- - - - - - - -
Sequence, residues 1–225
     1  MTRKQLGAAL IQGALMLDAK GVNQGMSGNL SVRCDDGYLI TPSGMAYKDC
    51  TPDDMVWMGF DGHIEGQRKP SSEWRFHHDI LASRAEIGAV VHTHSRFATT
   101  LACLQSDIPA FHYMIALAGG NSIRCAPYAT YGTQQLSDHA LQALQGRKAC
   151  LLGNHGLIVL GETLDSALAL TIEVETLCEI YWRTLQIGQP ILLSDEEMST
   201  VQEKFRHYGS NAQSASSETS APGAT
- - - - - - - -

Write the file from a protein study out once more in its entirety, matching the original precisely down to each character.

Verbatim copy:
Sequence, residues 1–225
     1  MTRKQLGAAL IQGALMLDAK GVNQGMSGNL SVRCDDGYLI TPSGMAYKDC
    51  TPDDMVWMGF DGHIEGQRKP SSEWRFHHDI LASRAEIGAV VHTHSRFATT
   101  LACLQSDIPA FHYMIALAGG NSIRCAPYAT YGTQQLSDHA LQALQGRKAC
   151  LLGNHGLIVL GETLDSALAL TIEVETLCEI YWRTLQIGQP ILLSDEEMST
   201  VQEKFRHYGS NAQSASSETS APGAT